Antilabor policies promoted by Bill during the 1990s and Hillary’s sometimes contentious Senate votes on matters like the Iraq War are additional causes for concern. “NAFTA has huge baggage,” says CTW’s Burger. “The war in Iraq has huge baggage. The question is what she’s going to do about it now.” Trade alone was a major issue for labor during Bill Clinton’s presidency. “It colored our opinion of the Clinton Administration,” says an AFL-CIO official who requested anonymity. Hillary is fully aware of the declining popularity of unfettered free trade, which remains a dividing line in the party, and she has sought to distance herself from her husband’s legacy in this area. “NAFTA had some positives, but unfortunately it had a lot of downside,” she said at an AFSCME candidate forum in June. Before her AFL-CIO appearance in Detroit she came out against a proposed trade pact with South Korea. She told the Teamsters union in April that she opposed renewing fast-track trade authority for President Bush, which expired in June. In a concerted effort to appear more progressive, Clinton has ratcheted up her populist rhetoric, declaring that the country “has gone back to the era of robber barons.”
Another question, of course, is whether the former corporate lawyer and Wal-Mart board member means what she says. Clinton’s rhetoric about the outsourcing of jobs, for instance, has fluctuated depending on whether she’s in front of a labor audience or a pro-outsourcing crowd. “I don’t think she’s really a pro-labor candidate,” Peter Stamich, president of the local Steelworkers union in Akron, Ohio, told the Akron Beacon Journal after hearing her speak at a USW forum in Cleveland. At that event, Hillary denounced the Central America Free Trade Agreement but never once cited NAFTA. She skipped the Q&A.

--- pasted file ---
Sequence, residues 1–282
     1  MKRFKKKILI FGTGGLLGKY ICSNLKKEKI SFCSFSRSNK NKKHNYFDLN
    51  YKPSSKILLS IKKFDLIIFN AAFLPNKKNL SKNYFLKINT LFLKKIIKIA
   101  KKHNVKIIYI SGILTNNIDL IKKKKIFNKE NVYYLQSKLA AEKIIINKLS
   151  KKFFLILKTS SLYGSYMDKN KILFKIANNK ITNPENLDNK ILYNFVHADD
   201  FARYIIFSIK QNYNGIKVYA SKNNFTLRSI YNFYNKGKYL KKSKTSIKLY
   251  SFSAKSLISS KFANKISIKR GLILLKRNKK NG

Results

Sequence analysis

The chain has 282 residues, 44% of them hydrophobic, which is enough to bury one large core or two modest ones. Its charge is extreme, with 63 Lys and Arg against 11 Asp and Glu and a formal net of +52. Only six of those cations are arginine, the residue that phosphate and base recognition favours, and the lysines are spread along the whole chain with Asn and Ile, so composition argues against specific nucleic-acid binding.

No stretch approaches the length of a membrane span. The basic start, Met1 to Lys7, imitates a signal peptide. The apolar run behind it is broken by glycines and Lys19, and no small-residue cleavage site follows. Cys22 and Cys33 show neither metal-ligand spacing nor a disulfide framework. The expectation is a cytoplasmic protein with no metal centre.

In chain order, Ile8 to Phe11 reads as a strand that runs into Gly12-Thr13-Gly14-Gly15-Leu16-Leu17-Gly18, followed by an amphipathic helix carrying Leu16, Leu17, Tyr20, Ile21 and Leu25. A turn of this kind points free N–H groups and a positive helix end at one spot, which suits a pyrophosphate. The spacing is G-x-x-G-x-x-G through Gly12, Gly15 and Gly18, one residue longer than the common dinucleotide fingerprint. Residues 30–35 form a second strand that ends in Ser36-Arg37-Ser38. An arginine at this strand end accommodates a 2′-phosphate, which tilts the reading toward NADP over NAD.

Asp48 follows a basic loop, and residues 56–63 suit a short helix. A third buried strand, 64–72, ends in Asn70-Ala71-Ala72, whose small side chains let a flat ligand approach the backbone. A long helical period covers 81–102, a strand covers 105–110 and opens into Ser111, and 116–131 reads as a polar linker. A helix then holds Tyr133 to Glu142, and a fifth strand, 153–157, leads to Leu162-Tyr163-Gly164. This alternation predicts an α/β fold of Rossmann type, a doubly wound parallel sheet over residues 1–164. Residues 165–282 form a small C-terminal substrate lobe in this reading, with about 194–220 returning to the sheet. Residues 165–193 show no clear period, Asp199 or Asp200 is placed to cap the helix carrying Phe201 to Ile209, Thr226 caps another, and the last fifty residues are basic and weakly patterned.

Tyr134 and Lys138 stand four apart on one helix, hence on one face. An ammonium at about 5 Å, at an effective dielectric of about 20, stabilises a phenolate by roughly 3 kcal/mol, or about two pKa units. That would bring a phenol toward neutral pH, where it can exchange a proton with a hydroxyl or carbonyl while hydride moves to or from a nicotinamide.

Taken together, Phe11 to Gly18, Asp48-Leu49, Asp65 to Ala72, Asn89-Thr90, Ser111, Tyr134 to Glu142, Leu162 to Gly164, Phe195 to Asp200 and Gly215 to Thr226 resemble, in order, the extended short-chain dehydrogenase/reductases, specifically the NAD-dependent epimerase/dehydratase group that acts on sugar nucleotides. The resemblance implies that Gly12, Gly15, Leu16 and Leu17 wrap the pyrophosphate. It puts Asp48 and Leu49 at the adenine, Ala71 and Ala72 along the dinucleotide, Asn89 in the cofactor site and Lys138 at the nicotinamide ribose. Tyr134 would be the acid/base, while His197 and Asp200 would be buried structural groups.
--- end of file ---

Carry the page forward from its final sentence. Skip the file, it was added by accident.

John Edwards likes to say, “Wherever I am, I talk about the importance of organizing.” Hillary Clinton frequently trumpets the cause of labor these days. But as recently as last year, at a major speech before the Economic Club of Chicago, she didn’t refer to unions once. And the “American Dream Initiative” she chaired for the business-friendly Democratic Leadership Council last year made only a passing mention of labor. (Hillary took a leadership role in the DLC in 2005 but has not used the organization as a vessel for her presidential aspirations, as Bill did while chair in 1991.) Examples like these reinforce the skepticism, voiced by the AFL-CIO official, that there are “two Hillarys” and that the current one views labor as simply a box to check en route to the nomination.
Even so, a second President Clinton would probably have a tougher time abandoning labor. The open battle between unions and Clinton-allied, corporate-funded organizations like the DLC that raged in the 1980s and ’90s has largely subsided, with the latter now a weaker presence in the party. There is a consensus among a wide spectrum of Democrats on the need to enact bold policies like universal healthcare and to make it easier for workers to organize. It’s a credit to labor that in this electoral cycle, according to Chicago labor lawyer Tom Geoghegan, “every Democrat sounds like a labor Democrat.” In recent years–particularly after last fall’s midterms, when a wave of new populists were elected–the Democratic Party has moved closer to labor.
You’d think, given this newfound clout, that labor would be in a position to demand more from the candidates. Yet paradoxically–perhaps because of the betrayals witnessed during Bill’s presidency–labor is still reflexively hoping for small crumbs rather than transformational policies. Amid this backdrop, don’t expect labor to rock the boat. A Democratic victory in 2008 remains the top priority. “Electability is huge,” says AFL-CIO political director Karen Ackerman. “The mood in labor is: We’re getting beat up and desperately need a change.” In their view, if that entails putting another Clinton in the White House, so be it.